The CME Daily Delivery Report showed that 1 gold and 1 silver contract were posted for delivery within the COMEX-approved gold depositories on Thursday.  Scotiabank stopped both the gold and silver contracts once again.

The CME Preliminary Report for the Tuesday trading session showed that gold open interest in January dropped by 7 contracts, leaving just 54 left…minus the 1 contract mentioned above.  Monday’s Daily Delivery Report showed that 8 gold contracts were actually posted for delivery today, so that means that 8-7=1 more gold contract was added to January.  Silver o.i. in January fell by 150 contracts, leaving just 30 left…minus the 1 contract mentioned in the previous paragraph.  Monday’s Daily Delivery Report showed that 151 silver contracts were actually posted for delivery today, so that means that 151-150=1 silver contract holder on the short/issuer side exited the January contract.

Even with the price trend in both gold and silver still on the rise, both GLD and SLV reported withdrawals again yesterday.  In the face of these precious metal rallies, it has to be taken as a truism now that these withdrawals are conversions of shares into physical metal to avoid SEC reporting requirements, as per what Ted Butler has been saying for a while now.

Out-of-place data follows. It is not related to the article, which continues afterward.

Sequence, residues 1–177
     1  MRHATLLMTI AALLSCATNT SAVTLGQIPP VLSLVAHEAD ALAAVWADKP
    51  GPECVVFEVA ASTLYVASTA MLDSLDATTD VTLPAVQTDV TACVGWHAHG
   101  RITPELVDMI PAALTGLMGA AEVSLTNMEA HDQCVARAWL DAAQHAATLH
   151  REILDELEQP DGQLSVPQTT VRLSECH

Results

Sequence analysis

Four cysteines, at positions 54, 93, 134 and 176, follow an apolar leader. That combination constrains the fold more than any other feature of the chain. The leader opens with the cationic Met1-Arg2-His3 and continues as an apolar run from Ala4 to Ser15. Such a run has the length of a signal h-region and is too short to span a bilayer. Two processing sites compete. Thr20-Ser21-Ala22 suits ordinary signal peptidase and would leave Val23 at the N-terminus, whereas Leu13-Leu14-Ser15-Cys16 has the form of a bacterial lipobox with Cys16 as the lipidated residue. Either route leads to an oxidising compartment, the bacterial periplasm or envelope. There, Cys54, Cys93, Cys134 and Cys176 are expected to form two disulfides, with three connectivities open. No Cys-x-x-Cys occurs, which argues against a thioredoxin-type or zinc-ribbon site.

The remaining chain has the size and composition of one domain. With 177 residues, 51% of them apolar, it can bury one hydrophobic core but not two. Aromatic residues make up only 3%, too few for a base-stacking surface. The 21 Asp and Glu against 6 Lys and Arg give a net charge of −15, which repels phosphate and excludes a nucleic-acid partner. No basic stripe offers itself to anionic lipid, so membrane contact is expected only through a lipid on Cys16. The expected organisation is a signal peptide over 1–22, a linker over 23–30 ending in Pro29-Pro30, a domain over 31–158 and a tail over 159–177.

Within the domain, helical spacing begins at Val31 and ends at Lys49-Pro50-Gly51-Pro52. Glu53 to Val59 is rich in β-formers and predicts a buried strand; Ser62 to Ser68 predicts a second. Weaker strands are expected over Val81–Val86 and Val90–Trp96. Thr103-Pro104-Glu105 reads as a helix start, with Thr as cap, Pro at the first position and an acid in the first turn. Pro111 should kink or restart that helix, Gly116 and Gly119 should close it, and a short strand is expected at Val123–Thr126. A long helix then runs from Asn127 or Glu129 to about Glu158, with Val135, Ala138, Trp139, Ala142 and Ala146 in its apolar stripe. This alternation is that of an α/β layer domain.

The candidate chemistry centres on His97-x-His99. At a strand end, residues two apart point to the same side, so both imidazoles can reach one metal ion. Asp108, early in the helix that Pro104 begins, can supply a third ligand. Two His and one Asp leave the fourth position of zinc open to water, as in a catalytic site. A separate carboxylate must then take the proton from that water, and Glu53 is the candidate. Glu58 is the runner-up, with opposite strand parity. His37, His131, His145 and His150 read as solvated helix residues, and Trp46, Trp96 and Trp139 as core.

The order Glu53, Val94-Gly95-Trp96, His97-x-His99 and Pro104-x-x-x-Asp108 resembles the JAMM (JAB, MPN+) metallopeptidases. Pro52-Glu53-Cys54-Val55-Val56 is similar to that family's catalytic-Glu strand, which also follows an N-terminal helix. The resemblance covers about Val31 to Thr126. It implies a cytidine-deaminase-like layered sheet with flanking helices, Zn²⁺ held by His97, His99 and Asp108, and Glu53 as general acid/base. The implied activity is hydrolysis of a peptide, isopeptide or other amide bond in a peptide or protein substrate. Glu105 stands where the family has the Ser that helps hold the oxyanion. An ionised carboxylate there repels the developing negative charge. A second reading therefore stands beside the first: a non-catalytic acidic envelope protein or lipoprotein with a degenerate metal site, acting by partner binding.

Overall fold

In GLD, there was a withdrawal/conversion of shares totalling 95,267 troy ounces — and in SLV that withdrawal/conversion totalled 947,752 troy ounces.

There was a sales report from the U.S. Mint yesterday.  They sold 5,500 troy ounces of gold eagles — 1,500 one-ounce 24K gold buffaloes — and 150,000 silver eagles.

It was another zero in/out day in gold over at the COMEX-approved depositories on the U.S. east coast on Monday.

But, as usual, it was considerably different in silver, as 1,770,386 troy ounces were received — and 608,492 troy ounces were shipped out the door for parts unknown.  JPMorgan received another 572,227 troy ounces — and that officially put them over the 90 million troy ounce mark, at 90.1 million.  The rest of the ‘in’ activity was at CNT — and virtually all of the ‘out’ activity was at Canada’s Scotiabank.  The link to all that action is here.